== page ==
3. Before, however, the Income-tax Officer could complete the assessment, the assessee filed a fresh return on March 25, 1968, under Section 139(5) of the Act and in his revised return declared his income as Rs. 727. The Income-tax Officer after examining the books produced by the assessee and other materials assessed him on an income of Rs. 14,950. In making this assessment the Income-tax Officer gave a credit of Rs. 8,500 standing in the name of Triloki Nath Tiku which was explainable on the materials furnished by the assessee. Being aggrieved by the assessment order passed by the Income-tax Officer, the assessee filed an appeal before the Appellate Assistant Commissioner (for the sake of brevity to be referred to as the A.A.C.) wherein he submitted that as the Income-tax Officer had issued no notice under Sections 143(2) and 143(3) of the Act, the assessment should be annulled. In the alternative it was pleaded by the assessee that he was not given an adequate opportunity to prove the credits standing in the names of Dr. Amar Nath Tiku, Shambu Nath and the assessee himself which were not accepted by the Income-tax Officer. The A.A.C. partly accepted the appeal, and instead of annulling the assessment he set aside the assessment and remanded the case to the Income-tax Officer with the direction that he should issue a notice under Section 143(2) of the Act and then make the assessment after hearing the assessee. Thereafter the assessee went up in further appeal to the Income-tax Appellate Tribunal where he raised two points : (1) whether Section 143 of the Act was substantive or merely a procedural section, and (2) whether the provisions of Section 143 were mandatory or only directory in nature. The Tribunal, after hearing counsel for the parties, came to the finding that Section 143(3) was merely a procedural section and Section 143(2) was mandatory. Another point raised before the Tribunal was whether the A.A.C. should have annulled the assessment completely or whether he was right in remanding the case to the Income-tax Officer. On this point also the Tribunal upheld the order of the A.A.C. Thereafter, the assessee approached the Income-tax Appellate Tribunal for making a reference to this court which having been accepted, the present reference has been made to this court.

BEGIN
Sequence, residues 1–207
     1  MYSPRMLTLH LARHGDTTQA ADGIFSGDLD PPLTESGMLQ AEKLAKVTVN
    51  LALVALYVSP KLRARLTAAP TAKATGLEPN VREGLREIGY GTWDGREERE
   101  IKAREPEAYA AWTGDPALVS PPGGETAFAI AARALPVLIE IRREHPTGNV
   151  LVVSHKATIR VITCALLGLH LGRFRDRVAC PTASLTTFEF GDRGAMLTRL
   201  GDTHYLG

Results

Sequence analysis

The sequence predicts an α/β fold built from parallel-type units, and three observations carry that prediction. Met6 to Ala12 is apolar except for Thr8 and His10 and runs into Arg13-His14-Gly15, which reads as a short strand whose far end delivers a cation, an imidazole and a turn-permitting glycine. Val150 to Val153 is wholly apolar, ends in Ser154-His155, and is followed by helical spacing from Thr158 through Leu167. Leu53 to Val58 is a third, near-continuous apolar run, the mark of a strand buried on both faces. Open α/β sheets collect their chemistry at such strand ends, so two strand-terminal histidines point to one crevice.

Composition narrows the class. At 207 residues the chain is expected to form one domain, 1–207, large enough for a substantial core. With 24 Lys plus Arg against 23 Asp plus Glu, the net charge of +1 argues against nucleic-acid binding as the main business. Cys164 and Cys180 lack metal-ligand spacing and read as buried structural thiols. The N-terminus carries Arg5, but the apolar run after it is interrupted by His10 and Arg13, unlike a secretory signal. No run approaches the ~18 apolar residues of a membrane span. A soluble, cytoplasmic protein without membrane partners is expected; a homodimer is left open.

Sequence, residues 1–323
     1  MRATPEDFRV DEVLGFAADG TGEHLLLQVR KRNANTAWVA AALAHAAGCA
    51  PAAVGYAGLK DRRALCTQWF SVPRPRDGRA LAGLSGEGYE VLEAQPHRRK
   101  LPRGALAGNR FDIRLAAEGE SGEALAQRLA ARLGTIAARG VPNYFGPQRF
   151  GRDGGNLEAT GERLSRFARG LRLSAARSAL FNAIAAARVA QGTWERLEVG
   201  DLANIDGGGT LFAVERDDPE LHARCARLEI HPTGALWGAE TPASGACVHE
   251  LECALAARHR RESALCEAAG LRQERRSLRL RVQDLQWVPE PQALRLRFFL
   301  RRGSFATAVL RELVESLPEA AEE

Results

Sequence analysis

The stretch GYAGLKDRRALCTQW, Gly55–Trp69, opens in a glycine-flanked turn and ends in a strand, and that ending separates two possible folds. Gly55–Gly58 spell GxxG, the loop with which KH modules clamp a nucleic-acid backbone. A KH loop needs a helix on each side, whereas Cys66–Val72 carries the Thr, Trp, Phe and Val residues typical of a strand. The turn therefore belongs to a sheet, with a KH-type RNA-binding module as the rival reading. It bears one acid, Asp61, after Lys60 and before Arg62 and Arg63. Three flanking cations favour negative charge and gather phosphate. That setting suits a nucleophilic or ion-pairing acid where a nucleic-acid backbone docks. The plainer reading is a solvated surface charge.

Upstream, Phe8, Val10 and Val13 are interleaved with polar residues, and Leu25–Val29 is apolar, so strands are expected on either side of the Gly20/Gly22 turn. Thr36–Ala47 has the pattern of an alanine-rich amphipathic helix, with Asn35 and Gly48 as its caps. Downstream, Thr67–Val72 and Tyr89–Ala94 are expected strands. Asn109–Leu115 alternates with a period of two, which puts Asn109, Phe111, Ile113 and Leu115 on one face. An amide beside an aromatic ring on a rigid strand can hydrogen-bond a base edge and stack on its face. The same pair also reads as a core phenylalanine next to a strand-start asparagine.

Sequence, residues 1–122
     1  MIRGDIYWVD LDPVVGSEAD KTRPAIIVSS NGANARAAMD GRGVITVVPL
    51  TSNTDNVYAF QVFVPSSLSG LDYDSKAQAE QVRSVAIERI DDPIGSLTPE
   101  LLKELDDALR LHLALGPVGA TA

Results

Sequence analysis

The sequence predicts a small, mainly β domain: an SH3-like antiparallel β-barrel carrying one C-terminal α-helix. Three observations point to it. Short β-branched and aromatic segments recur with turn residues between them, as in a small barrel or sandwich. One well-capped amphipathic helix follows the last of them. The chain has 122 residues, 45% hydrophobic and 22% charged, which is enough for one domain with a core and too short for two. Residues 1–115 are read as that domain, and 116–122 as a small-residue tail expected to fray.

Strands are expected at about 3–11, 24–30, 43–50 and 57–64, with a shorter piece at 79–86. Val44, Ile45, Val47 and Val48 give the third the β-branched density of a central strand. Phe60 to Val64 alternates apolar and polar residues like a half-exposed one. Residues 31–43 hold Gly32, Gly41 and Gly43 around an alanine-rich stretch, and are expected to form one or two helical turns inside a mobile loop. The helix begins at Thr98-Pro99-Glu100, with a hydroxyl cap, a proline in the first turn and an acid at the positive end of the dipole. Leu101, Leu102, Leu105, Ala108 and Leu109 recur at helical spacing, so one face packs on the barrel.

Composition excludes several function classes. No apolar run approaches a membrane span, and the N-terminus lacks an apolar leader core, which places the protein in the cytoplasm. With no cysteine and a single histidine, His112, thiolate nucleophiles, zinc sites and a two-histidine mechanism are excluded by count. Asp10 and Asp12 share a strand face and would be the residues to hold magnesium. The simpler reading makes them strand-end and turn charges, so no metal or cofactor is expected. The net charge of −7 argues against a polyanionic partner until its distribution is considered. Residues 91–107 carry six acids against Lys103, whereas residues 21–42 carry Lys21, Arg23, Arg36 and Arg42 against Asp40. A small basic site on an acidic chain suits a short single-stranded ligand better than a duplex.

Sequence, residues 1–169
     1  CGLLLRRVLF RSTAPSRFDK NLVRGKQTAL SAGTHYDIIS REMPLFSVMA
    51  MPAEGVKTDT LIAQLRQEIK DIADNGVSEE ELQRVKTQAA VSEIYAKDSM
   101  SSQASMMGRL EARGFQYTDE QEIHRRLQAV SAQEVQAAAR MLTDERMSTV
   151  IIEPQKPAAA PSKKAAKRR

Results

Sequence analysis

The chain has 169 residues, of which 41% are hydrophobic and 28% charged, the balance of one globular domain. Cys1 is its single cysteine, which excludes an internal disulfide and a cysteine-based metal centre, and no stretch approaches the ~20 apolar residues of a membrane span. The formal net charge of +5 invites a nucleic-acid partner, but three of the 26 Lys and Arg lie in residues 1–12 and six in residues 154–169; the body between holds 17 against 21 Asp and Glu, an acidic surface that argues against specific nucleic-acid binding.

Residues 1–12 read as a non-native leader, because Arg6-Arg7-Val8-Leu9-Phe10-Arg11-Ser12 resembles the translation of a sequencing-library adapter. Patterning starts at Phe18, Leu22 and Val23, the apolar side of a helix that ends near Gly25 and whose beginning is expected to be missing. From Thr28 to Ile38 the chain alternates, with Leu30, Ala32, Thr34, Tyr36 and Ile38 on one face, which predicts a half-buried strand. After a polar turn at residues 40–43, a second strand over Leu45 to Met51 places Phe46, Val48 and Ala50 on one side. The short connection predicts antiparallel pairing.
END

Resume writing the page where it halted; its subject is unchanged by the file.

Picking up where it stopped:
4. The only questions that fall for determination before us are as contained in the order of reference made by the Tribunal. We find no difficulty in answering the first question, namely, as to whether or not Section 143(3) is a procedural section. In fact, a perusal of Section 143 shows that this section' is purely procedural and contains various modes of making an order of assessment. Section 143(2) and (2) run thus :

'143. (1) Where a return has been made under Section 139 and the Income-tax Officer is satisfied without requiring the presence of the assessee or the production by him of any evidence that the return is correct and complete, he shall assess the total income or loss of the assessee, and shall determine the sum payable by him or refundable to him on the basis of such return.